Coal-fired thermal power

We provide world-leading combustion measurements

Servomex is the expert gas analysis partner for coal-fired power generation. Supported by our expertise and experience, our total analytical solution delivers benefits in cost, process efficiency, safety and emissions across the process.

Resources for coal-fired thermal power generation

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CEMS Systems Brochure

CEMS Systems Brochure

Combustion control expert paper

Combustion control expert paper

Thermal Power: Coal

Thermal Power: Coal

Power Generation Magazine Issue 01

Power Generation Magazine Issue 01

A demanding power generation application

In coal-fired power generation, pre-heated air and pulverized coal are fed into the boiler where combustion takes place. It is a demanding industry, which requires operators to deliver the most efficient process while maintaining safe operation, controlling fuel costs and meeting stringent targets for emissions.

A balance between oxygen and fuel is essential

Excess air is required to ensure complete combustion, but if this excess is too high, combustion efficiency will fall through heat loss. However, if the process is run with excess fuel, not all the fuel will be burnt. Precise monitoring and control of flue gas in the process is essential to optimize combustion efficiency, which will minimize fuel costs and reduce harmful emissions.

SERVOTOUGH Servomex FlugasExact 2700

A dependable solution for combustion control

The SERVOTOUGH FluegasExact 2700 combustion analyzer continuously monitors the amount of oxygen and combustibles in the flue gas, enabling operators to achieve optimum combustion conditions. This helps to reduce carbon and NOx emissions, improve process safety, and save fuel – the FluegasExact 2700 has been proven to cut fuel costs by up to 4%.

Your expert partner for thermal power

Our analyzer systems improve your core processes and reduce maintenance costs, with reliable measurements that optimize the combustion process and reduce the load on emissions cleanup equipment.

Applications knowledge

Our expert, experienced team can recommend the best solution for your process requirements, with gas analysis that’s customized to meet the specific requirements of your power plant.

Accurate analysis

Industry-leading, proven sensing solutions deliver the reliable and accurate results your thermal power process needs to ensure optimum combustion, ammonia slip control, emissions monitoring and more.

Global support

Our high-performance analyzers are fully supported by a worldwide service team that helps ensure your system reliably performs at optimum levels.

Meet the experts

Heading up our Industrial Process & Emissions Business Unit, Sangwon oversees application development, project management and engineering for our solutions in the power generation, hydrocarbon processing (HP) and emissions monitoring sectors.

SangWon Park, Business Unit Director, IP&E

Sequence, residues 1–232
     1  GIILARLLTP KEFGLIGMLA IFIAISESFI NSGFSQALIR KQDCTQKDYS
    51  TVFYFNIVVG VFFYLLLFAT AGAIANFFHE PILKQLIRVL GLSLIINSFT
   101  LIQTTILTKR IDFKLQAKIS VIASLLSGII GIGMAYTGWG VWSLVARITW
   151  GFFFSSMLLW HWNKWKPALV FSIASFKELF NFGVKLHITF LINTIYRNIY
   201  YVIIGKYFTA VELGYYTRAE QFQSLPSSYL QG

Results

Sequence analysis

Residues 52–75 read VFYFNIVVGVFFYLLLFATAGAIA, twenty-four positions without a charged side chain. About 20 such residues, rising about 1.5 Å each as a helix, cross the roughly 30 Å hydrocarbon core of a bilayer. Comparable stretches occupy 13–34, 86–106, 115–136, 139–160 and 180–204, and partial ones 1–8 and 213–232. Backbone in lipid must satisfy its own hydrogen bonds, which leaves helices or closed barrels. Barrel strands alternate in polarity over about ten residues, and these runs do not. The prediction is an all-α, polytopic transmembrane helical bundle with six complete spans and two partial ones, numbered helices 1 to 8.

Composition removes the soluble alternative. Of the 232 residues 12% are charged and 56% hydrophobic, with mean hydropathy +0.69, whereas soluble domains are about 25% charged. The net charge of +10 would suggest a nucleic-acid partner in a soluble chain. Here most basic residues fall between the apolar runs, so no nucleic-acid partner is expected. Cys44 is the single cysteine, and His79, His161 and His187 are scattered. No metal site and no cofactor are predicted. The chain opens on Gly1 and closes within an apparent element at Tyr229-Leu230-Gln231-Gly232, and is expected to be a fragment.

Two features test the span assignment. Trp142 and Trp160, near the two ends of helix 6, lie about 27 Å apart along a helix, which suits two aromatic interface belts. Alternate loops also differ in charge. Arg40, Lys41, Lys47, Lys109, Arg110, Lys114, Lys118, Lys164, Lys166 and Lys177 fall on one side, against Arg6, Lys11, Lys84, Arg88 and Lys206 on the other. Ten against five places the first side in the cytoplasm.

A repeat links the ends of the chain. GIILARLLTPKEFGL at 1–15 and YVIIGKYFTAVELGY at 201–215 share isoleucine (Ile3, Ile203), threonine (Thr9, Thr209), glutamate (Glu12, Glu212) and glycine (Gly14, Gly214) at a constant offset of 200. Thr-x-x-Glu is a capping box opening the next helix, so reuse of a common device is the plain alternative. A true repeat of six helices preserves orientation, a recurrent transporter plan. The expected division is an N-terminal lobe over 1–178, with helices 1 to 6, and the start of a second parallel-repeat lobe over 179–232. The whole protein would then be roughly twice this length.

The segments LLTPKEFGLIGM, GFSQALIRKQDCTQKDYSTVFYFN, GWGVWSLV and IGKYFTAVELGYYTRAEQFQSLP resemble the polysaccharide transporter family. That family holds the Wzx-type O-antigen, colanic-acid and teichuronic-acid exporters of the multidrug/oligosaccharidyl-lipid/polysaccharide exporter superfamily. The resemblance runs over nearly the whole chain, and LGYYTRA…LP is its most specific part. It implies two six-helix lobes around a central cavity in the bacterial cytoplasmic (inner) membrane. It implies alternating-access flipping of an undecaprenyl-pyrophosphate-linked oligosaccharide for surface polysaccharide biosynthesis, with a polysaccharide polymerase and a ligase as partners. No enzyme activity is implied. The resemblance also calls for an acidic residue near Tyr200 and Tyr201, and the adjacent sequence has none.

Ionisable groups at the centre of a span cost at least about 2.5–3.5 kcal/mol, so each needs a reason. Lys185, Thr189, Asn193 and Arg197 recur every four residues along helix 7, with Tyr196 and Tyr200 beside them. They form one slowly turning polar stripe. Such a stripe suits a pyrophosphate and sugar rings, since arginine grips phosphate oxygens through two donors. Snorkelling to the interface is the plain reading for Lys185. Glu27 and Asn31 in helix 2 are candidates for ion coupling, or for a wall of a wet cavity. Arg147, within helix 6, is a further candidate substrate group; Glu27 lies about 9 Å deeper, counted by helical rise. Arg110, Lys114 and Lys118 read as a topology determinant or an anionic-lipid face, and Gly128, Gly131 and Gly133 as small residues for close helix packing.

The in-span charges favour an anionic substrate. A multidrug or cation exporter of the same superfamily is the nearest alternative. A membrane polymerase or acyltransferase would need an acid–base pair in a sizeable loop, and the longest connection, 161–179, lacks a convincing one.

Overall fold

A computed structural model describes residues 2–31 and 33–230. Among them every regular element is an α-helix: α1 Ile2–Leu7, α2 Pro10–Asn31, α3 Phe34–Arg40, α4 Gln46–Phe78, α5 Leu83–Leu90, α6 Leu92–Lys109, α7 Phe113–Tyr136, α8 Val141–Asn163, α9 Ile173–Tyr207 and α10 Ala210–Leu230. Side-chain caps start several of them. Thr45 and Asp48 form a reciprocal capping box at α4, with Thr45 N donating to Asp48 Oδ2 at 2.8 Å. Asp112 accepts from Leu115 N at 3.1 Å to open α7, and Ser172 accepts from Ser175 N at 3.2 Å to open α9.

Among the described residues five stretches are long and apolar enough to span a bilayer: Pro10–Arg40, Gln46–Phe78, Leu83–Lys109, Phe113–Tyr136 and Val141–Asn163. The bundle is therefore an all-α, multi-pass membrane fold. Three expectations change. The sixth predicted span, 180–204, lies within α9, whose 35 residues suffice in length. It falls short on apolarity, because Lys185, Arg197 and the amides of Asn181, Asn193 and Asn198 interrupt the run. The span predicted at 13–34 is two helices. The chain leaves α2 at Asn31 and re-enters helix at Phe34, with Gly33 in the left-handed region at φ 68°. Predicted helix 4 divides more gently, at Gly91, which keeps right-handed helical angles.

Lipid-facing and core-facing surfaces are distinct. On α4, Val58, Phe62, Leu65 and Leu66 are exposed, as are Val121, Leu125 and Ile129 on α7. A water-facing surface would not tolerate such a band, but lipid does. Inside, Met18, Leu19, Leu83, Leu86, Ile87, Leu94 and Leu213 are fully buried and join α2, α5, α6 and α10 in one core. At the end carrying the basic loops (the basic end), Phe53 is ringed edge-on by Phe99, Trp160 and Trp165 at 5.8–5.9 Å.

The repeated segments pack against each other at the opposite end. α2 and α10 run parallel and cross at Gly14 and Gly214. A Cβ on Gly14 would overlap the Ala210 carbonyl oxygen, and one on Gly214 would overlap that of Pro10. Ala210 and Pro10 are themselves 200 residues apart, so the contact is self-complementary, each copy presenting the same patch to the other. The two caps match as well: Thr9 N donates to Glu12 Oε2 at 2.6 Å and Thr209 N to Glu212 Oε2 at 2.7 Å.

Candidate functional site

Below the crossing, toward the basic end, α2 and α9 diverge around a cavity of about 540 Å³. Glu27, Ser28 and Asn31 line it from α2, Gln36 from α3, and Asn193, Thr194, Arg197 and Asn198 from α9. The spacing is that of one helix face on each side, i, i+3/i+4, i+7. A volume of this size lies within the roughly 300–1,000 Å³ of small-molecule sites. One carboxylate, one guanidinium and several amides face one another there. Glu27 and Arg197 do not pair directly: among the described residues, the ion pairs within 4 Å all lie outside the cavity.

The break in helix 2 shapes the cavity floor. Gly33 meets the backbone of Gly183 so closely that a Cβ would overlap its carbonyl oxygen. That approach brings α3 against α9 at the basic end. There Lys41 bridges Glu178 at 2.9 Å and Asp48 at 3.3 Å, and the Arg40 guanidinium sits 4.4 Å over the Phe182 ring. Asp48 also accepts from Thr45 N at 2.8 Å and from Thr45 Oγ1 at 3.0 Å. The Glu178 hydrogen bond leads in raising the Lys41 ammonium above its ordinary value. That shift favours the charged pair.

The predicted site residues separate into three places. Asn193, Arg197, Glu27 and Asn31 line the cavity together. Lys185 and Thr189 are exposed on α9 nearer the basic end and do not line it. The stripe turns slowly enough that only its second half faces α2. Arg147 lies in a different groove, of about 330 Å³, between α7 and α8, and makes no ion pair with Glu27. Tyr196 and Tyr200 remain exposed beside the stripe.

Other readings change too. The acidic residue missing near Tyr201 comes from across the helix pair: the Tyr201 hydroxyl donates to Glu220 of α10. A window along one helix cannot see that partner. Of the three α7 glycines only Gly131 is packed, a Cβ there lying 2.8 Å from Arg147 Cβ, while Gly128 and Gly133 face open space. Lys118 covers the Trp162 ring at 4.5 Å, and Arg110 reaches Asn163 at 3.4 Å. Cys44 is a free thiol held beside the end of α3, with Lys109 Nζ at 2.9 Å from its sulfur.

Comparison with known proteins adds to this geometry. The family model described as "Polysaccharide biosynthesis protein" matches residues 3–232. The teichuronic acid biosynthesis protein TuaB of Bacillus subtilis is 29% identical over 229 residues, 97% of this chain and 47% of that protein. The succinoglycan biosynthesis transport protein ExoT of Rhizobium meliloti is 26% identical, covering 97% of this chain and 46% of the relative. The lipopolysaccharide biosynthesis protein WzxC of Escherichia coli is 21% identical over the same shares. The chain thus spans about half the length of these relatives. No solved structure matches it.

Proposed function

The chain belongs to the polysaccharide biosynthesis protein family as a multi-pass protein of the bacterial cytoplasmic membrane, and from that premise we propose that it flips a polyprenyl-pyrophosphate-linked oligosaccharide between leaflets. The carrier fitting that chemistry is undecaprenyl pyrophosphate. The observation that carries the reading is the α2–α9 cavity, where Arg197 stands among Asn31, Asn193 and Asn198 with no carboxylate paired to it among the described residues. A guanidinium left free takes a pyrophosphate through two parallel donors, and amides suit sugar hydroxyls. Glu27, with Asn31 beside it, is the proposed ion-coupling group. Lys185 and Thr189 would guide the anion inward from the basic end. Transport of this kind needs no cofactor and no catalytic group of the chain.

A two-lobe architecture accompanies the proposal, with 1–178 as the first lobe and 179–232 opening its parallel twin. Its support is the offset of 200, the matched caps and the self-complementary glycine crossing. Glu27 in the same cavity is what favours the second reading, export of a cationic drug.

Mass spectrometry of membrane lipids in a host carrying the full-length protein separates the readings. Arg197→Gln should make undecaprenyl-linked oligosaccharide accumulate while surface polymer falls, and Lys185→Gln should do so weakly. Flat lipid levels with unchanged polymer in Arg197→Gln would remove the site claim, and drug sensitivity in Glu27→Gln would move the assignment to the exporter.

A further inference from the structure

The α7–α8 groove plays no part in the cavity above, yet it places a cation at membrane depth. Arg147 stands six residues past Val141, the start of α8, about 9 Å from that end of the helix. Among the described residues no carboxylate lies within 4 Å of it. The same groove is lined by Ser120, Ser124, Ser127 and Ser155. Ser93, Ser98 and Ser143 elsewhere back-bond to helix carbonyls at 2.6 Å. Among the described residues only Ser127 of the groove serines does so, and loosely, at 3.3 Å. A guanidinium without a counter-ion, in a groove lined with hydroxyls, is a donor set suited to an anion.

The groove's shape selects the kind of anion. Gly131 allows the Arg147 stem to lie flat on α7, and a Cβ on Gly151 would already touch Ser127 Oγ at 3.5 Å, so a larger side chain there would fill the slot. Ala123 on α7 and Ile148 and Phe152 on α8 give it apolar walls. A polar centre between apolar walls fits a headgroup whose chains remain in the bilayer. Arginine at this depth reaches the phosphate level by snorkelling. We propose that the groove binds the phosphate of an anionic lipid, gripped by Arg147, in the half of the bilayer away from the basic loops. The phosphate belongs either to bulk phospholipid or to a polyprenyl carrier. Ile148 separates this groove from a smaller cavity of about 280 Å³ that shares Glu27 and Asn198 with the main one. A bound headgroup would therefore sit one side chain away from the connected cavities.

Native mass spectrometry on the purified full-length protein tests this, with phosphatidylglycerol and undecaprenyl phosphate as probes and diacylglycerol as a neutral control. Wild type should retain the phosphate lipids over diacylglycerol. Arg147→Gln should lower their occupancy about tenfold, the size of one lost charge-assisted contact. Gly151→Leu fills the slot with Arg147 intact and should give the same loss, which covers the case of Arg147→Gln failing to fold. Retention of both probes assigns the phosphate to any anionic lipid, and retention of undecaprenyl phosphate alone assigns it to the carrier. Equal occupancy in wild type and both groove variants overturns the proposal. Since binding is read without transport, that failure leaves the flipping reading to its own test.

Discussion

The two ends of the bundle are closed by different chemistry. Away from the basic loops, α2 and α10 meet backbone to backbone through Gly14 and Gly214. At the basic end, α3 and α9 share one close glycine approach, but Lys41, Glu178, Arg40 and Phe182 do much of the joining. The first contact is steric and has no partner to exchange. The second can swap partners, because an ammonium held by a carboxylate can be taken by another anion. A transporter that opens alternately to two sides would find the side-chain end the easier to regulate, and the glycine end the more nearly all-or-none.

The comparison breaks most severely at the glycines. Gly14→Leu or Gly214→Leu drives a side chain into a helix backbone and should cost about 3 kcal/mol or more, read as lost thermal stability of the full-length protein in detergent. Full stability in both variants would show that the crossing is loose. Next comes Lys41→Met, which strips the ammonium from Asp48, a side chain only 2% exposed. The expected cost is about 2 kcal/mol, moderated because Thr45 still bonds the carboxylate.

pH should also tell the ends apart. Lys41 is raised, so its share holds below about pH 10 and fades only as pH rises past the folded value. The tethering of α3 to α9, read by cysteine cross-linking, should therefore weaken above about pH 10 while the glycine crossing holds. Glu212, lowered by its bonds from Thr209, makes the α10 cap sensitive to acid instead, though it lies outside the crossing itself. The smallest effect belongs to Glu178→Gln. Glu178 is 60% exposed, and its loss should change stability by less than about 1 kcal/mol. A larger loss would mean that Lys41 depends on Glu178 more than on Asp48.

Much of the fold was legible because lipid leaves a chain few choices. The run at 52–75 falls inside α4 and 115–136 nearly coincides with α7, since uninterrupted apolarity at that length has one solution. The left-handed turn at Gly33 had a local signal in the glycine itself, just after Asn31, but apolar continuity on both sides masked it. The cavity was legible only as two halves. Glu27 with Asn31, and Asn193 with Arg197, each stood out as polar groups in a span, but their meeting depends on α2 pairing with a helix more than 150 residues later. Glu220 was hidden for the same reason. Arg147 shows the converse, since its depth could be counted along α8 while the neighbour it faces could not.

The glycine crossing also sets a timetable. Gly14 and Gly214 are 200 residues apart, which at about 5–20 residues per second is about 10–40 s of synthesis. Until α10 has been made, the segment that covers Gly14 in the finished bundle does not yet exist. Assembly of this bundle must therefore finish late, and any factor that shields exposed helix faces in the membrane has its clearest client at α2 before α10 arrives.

Keith Warren

Responsible for managing our oxygen analyzers in the Industrial Process & Emissions sector, Keith has been working with gas analysis solutions for more than 20 years, 12 of them at Servomex.

Keith Warren, Product Manager

Rhys Jenkins

Leading the life-cycle management of our Spectroscopic analyzer range, Rhys is responsible for the development of the markets they serve, and the strategic growth of those technologies.

Rhys Jenkins, IP&E Product Manager, Spectroscopic Analyzers

Overseeing the business development operations of our Industrial Process & Emissions team in China, Huiyu leads our pursuit of large international projects.

Huiyu Guan, Business Development Manager, IP&E, China

Leading our business development team within the EMEAI region, Stephen is focused on long-term global and regional projects, particularly in the refining, petrochemicals and chemicals sectors.

Stephen Firth, Global Business Development Manager

Karen is responsible for managing the UK Application team, using the team’s expertise and capabilities to create the effective solutions that make customer processes safer, more efficient, and cleaner.

Karen Gargallo, Head of Application and Development

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The 4900 Multigas is a high-performance CEMS analyzer designed for a wide range of multi-gas measurements.

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FluegasExact 2700

SERVOTOUGH Hazardous Area

Designed to measure O2 and COe in flue gases for improved combustion efficiency and reduced emissions.

The FluegasExact 2700 analyzer for effective combustion analysis
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Measures NO or NO/NO2/NOx concentrations in industrial gas and vehicle emission applications.

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SERVOTOUGH Laser 3 Plus Environmental

SERVOTOUGH Hazardous Area

Compact, high-performance Tunable Diode Laser (TDL) analyzer, specifically optimized for ammonia slip measurement

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The latest news in thermal power generation

Find out what’s going on in the world of coal-fired thermal power generation, including the most recent product releases, and updated applications solutions.

Servomex appoints new manager for Power market segment

November 2016

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Combustion control podcast

Application Development Manager Matt Halsey and Product Manager Keith Warren examine the thermal power process and discuss common issues encountered by customers.